So it can be assumed that Patnaik would demand his pound of flesh for that. He should, in all probability, insist on Centre granting special category state status to Odisha and positively intervening on its behalf to resolve the Mahanadi and Polavaram disputes in its favour. None of this is going to be easy.

While Modi dispensation has been extremely reluctant to accord special status to states, insisting instead on special packages, Polavaram dispute would be hard to resolve because it involves the interest of Andhra Pradesh whose chief minister, Jagan Mohan Reddy has been friendly towards the NDA and whose support Modi requires as much as he needs Naveen.

As for the Mahanadi dispute the Centre was openly partisan in the matter, favouring Chhatisgarh when BJP government was in power in that state. Now that a Congress government is in power in Chhatisgarh and the matter is before a tribunal, which has asked both the states to settle the issue amicably, one wonders what the role of Centre would be.

Given this backdrop one may feel tempted to believe critics of Patnaik who have argued that the fear of CBI, which is probing the chit fund scam, has led the chief minister to kowtow before the Prime Minister and support BJP candidate in the Rajya Sabha.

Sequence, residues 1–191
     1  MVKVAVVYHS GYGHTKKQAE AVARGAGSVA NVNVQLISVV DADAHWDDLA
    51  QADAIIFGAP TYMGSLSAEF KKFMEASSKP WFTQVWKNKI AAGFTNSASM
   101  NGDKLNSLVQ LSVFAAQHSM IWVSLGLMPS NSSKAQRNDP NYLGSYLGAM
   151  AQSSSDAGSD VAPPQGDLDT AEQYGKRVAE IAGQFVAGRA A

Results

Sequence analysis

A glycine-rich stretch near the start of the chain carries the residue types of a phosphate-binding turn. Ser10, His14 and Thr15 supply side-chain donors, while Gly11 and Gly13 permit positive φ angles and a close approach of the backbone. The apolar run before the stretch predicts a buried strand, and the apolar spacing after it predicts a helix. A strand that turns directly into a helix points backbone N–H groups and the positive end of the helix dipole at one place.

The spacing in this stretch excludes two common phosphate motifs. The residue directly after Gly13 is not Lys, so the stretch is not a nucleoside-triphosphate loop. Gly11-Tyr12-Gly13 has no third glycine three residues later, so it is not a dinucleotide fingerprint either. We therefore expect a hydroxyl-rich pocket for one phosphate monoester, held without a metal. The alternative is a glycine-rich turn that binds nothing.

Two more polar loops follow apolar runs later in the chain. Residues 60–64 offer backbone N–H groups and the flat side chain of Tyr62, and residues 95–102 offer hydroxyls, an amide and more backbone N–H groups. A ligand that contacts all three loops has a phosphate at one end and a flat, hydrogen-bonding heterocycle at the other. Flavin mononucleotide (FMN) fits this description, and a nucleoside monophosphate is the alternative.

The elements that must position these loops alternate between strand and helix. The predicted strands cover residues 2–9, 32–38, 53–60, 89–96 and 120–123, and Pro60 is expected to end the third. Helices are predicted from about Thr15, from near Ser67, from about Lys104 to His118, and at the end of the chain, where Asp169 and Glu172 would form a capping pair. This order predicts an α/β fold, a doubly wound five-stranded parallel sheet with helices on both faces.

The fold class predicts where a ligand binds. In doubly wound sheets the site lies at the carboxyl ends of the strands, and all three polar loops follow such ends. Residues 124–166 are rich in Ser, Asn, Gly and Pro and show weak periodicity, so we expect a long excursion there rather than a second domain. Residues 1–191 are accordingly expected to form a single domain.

It is significant to note that Patnaik, like he had done in the past, continues to maintain a safe distance from the state BJP leaders who are watching the renewed friendship between the chief minister and their central leaders with a sense of chagrin.

Interestingly within days of Patnaik’s support for Vaishanav the union environment ministry dealt him a blow. It decided to grant a two-year extension for the construction of Polavaram multi-purpose project in Andhra Pradesh which is a major embarrassment for the Naveen Patnaik-led Biju Janata Dal (BJD) government which has been opposing the dam that threatens to submerge several tribal villages in Malkangiri district.

The discomfiture of Patnaik can be understood as the development in the wake of BJD extending support BJP’s Rajya Sabha candidate, former IAS officer, Ashwini Vaishnav. It was supposed to be a quid pro quo with hopes running high in the state’s ruling dispensation that Odisha’s interests on issues like Polavaram and Mahanadi would be taken care of by the BJP-led NDA government.